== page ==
Posted November 8th, 2008
If you’ve found yourself pulling money out of the markets and are looking for a good place to invest, drop what you’re doing and book a reservation for Thanksgiving at Mt. St. Anne in Quebec. Do it quickly before another investment bank fails and you lose another percentage point against the Canadian dollar. Once you’ve reserved, mark the calendar and get psyched, because unlike the bailout plan, the chance of a good return on this investment is high.
When I daydream about ski tracks during the summer months, it is always at Mt. St. Anne, usually on trail #31, a meandering little number with pines lining the way and big sweeping rollers that lift you up and down. Skiing this trail in the typically cold Canadian air feels right at Thanksgiving, and it’s this promise of setting the hardwax on Quebecois snow that gets me through the endless, earl-gray Vermont workouts that open November.
Mt. St. Anne isn’t a terrifically old ski area. It officially opened in 1943, though trails existed prior to the resort. What it lacks in tradition, it makes up for with culture and enthusiasm. Pierre Vézina, a former Canadian national team member, oversees the 200 kilometers of trails at Mt. St. Anne. Pierre is pleasant and hardworking; he has a team of groomers that keep every trail manicured to race-caliber perfection, and a greater collection of die-hard skiers that take up the work of skiing (I believe most of them are also named Pierre). It’s easy to see why the Pierres are here: Mt. St. Anne is an endless network of perfect corduroy and parallel tracks.
When I arrived in Mt. St. Anne with the Middlebury Ski team last November, we were particularly thrilled to find such great skiing, having narrowly averted a 2,000-mile trip to rollerski on Montana Park Roads. Annually, during Thanksgiving week, U.S. skiing descends on West Yellowstone, a pleasant, if crowded festival of skiing that consistently provides early snow. We had our tickets booked for West Yellowstone, but changed our plans in the eleventh hour when the promise of snow faded before our eyes on the West Yellowstone Festival Webcam. (It was a particularly depressing puddle that pushed me to give the trip out west the heave-ho.) In Mt. St. Anne, 10 kilometers were open and ready for skiing. Few teams were there. We headed for the border.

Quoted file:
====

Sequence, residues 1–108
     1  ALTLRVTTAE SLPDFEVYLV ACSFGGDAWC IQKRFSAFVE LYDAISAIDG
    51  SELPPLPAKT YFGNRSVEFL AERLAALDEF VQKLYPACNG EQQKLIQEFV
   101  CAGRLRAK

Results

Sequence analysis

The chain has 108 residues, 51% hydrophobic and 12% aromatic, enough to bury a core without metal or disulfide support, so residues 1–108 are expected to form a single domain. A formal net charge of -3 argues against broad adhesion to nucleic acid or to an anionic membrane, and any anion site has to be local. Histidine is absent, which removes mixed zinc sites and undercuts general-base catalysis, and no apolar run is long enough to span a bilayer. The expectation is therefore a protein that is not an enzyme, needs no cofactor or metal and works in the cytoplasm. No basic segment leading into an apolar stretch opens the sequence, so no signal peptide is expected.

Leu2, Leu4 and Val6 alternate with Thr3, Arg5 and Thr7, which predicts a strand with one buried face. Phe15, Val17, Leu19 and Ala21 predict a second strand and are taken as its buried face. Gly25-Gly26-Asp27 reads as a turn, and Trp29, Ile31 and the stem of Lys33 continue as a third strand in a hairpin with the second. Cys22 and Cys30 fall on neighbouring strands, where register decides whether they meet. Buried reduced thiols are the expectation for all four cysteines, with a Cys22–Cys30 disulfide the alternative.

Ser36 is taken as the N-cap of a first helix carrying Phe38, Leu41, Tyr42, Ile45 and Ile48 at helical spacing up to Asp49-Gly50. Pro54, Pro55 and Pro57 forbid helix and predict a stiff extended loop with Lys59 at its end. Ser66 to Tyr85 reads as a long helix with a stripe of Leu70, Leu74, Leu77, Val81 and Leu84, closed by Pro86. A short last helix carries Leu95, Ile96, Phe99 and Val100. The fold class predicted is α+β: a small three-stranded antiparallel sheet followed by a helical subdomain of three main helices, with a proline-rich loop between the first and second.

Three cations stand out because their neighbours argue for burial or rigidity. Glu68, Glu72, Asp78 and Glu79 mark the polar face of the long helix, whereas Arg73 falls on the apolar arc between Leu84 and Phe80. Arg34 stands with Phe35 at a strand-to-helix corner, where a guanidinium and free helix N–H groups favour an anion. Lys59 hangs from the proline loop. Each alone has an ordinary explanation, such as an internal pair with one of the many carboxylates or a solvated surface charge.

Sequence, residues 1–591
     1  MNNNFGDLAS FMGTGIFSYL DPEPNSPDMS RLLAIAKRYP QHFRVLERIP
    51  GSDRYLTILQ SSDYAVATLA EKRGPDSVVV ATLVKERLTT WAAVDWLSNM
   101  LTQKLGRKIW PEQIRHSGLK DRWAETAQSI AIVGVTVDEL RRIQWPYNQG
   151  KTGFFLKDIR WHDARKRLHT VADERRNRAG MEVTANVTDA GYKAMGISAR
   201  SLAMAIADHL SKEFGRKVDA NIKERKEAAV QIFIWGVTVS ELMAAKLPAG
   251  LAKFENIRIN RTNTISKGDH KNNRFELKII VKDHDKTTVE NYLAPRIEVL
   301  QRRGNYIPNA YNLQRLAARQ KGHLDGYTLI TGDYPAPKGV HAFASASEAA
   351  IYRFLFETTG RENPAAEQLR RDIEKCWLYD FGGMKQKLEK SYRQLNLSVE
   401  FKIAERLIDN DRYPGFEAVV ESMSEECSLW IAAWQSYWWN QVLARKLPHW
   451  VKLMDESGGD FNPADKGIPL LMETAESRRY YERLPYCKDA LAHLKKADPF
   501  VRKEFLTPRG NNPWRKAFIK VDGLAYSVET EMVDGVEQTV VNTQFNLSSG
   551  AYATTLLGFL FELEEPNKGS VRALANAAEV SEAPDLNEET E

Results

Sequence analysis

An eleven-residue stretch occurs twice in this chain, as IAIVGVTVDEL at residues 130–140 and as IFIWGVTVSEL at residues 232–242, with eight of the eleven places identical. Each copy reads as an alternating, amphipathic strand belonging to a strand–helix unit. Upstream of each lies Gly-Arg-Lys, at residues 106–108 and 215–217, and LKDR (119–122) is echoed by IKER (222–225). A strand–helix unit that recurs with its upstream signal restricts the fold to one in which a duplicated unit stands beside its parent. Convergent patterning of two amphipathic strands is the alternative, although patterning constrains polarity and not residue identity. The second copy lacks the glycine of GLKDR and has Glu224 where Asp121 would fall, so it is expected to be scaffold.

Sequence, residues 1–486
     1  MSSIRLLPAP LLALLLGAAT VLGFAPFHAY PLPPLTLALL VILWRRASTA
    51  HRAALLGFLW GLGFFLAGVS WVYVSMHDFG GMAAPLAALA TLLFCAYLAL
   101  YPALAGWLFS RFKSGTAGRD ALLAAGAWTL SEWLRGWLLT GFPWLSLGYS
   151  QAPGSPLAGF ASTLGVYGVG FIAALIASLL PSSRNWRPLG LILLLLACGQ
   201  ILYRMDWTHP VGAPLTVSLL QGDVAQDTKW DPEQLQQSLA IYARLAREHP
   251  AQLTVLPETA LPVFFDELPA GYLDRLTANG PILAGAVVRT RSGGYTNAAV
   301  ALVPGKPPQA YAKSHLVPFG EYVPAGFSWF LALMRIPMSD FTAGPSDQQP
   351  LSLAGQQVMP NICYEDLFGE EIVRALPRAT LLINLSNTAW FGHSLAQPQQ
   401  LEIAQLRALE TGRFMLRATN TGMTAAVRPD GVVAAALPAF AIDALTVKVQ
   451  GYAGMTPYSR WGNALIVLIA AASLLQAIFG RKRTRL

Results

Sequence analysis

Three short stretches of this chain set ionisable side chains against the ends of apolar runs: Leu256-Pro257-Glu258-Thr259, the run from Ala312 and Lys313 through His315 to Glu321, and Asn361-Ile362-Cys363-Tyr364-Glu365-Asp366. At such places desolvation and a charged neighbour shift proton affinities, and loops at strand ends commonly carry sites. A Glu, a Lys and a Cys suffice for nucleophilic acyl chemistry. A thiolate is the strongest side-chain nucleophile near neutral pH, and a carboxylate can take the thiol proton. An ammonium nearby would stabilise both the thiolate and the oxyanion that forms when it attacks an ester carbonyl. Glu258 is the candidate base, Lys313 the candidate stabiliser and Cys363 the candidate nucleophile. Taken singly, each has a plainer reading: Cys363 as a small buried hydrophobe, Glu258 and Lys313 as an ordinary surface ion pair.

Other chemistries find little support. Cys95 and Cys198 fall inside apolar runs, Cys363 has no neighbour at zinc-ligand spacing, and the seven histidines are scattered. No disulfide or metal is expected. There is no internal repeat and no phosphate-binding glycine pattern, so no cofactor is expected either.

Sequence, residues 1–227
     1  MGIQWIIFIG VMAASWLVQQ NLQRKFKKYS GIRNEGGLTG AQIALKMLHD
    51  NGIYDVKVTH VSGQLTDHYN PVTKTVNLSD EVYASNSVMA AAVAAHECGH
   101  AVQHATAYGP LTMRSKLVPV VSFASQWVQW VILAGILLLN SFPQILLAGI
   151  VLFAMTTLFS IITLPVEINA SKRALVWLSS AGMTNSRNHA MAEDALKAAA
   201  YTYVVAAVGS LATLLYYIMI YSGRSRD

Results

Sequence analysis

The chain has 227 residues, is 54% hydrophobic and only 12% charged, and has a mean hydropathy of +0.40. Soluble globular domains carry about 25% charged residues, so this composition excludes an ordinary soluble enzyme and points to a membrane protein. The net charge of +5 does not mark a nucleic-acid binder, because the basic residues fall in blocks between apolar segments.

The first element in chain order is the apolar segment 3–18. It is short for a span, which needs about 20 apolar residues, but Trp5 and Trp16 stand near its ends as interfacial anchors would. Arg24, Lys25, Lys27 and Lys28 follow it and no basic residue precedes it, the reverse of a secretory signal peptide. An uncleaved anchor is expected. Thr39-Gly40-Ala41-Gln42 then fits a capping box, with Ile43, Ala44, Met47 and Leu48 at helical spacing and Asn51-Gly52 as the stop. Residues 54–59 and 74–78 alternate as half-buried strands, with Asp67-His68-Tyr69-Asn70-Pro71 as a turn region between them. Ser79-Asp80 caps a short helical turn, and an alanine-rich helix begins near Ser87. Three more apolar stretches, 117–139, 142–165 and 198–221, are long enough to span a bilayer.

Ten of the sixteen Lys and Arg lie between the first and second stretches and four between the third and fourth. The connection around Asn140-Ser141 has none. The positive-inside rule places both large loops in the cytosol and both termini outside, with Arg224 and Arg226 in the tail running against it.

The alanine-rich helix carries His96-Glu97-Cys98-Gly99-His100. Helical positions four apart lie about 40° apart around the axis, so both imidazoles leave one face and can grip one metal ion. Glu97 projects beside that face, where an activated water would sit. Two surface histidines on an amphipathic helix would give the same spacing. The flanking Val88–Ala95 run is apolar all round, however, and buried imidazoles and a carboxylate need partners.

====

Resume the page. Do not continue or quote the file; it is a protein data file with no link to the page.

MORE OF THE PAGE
When we arrived, the first moments of skiing were like the summer’s first jump off the dock. It’s always thrilling to feel real skiing. We trained through the week with little of this thrill wearing off, though we did get chastised by the Pierres for our unfamiliarity with the loops at Mt. St. Anne. “WRONG WAY!!!” is more forceful in a French-Canadian accent. Thanksgiving is a marvelous time to revel in the simplicity of an athlete’s life: wake, eat, ski, eat, ski, sleep, repeat.
We broke the routine only once, with a trip to Quebec City for crepes, the disco, and old European architecture. Crepes on most days taste good. Crepes with the appetite brought on by an absurd amount of ski training, in a beautiful café during a week’s break from the typical trappings of work and school, taste heavenly. Once stuffed, we walked around the old town. It snowed on twinkling white Christmas lights. Back on the trails, Pierre regroomed.
At our week’s end, the fatigue of nearly 25 hours of ski training was taking its toll, technique became less snappy, motions became more languid. But the sun was out, the snow was soft, and no one was ready to quit. Snowball fights and games of tag on skis followed the last workout. Three members of the women’s team dragged chairs off the porch of the touring center and sat, contented.
There’s no guarantee that the snow will come on time this Thanksgiving at Mt. St. Anne. (Past performace does not guarantee future results—just ask Fannie & Freddy.) But if it doesn’t, focus on the bright side: you’ll be closer for the trip home than if you book a flight to Montana. If it does snow and you feel overwhelmed by the thrill of so much great skiing in one place, just try to keep some focus on the skier’s right-of-way. You don’t want to tick-off Pierre.